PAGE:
Two weeks after the Police Chief of Gloucester, Massachusetts launched a program to provide treatment for people who come to the police station with illegal drugs and paraphernalia, instead of arresting them, 17 people have accepted the offer.
Gloucester Police Chief Leonard Campanello said the 17 people were abusing opioids including heroin, morphine and oxycodone, WBUR reports. He noted that the number, while modest, represents more than three times the number of people who have died of drug overdoses this year in Needham, a town of 29,000.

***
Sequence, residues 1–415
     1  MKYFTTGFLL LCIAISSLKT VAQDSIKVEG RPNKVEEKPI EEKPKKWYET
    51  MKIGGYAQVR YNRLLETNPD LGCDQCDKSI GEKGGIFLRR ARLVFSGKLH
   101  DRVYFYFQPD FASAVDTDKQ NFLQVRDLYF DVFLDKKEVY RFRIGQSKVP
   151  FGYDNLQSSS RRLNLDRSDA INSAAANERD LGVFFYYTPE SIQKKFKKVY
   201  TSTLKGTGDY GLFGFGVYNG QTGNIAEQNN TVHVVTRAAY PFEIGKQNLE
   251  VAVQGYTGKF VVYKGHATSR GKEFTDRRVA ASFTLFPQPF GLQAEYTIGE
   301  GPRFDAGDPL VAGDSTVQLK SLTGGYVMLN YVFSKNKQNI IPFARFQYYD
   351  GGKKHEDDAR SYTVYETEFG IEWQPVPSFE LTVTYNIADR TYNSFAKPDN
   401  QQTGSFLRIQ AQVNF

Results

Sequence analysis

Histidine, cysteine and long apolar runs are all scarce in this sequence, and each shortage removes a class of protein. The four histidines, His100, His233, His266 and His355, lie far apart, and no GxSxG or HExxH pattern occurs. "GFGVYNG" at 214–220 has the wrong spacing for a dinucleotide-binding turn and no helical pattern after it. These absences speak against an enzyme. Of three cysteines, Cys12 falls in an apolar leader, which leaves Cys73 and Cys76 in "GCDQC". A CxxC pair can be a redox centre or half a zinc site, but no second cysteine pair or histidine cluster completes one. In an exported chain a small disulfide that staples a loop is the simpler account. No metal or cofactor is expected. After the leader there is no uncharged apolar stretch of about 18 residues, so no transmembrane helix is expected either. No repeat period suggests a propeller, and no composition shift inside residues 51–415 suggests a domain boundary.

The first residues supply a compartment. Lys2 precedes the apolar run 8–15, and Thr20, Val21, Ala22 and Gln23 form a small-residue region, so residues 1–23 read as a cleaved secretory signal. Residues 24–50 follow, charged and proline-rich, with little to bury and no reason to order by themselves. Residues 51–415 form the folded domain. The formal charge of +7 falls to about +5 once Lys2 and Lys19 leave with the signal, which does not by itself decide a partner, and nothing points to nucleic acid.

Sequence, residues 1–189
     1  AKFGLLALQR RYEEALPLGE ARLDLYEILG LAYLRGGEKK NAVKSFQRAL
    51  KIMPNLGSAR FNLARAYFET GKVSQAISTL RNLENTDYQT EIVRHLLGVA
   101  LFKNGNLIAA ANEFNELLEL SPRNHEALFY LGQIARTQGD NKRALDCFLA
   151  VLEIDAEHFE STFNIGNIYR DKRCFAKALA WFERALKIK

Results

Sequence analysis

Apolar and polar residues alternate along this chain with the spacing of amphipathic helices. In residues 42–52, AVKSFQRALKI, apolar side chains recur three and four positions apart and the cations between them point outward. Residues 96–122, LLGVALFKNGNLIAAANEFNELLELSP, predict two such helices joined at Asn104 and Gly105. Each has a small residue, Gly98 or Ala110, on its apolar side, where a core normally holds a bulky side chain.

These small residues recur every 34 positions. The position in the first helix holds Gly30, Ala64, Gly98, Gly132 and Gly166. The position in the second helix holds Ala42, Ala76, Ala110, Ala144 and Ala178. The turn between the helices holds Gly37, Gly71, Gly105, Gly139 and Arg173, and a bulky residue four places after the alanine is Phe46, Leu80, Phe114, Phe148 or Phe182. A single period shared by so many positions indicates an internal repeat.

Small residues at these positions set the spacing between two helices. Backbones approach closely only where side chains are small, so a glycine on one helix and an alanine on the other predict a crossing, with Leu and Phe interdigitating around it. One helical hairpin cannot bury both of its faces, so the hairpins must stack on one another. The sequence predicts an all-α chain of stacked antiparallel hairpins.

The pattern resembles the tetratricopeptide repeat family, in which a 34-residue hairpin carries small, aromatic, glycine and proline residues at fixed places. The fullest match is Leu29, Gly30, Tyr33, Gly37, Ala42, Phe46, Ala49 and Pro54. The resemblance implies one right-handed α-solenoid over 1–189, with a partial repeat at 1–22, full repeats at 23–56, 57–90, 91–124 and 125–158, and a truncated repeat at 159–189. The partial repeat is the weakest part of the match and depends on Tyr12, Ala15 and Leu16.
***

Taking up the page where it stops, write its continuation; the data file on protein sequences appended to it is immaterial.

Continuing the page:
The program was launched on June 1. While no one asked for treatment on the first day, since then about one or two people a day have been asking for addiction treatment, according to Campanello.
“We need to get people into treatment,” he said. “If they fail, we need to get them into treatment again. Just keep trying. Arresting them or coercing them into treatment just doesn’t work.”
Boston Mayor Marty Walsh said he is considering adopting a similar policy, calling it a “great idea and a great pilot program.”
Program participants work with a clinician on a treatment plan and facility location, and are accompanied by a volunteer throughout the three-hour process. Many of the volunteers are people who formerly struggled with addiction, the article notes.
The program’s costs are paid for from the city’s drug seizure money. If participants are Massachusetts residents with no insurance, state funding covers the cost of treatment.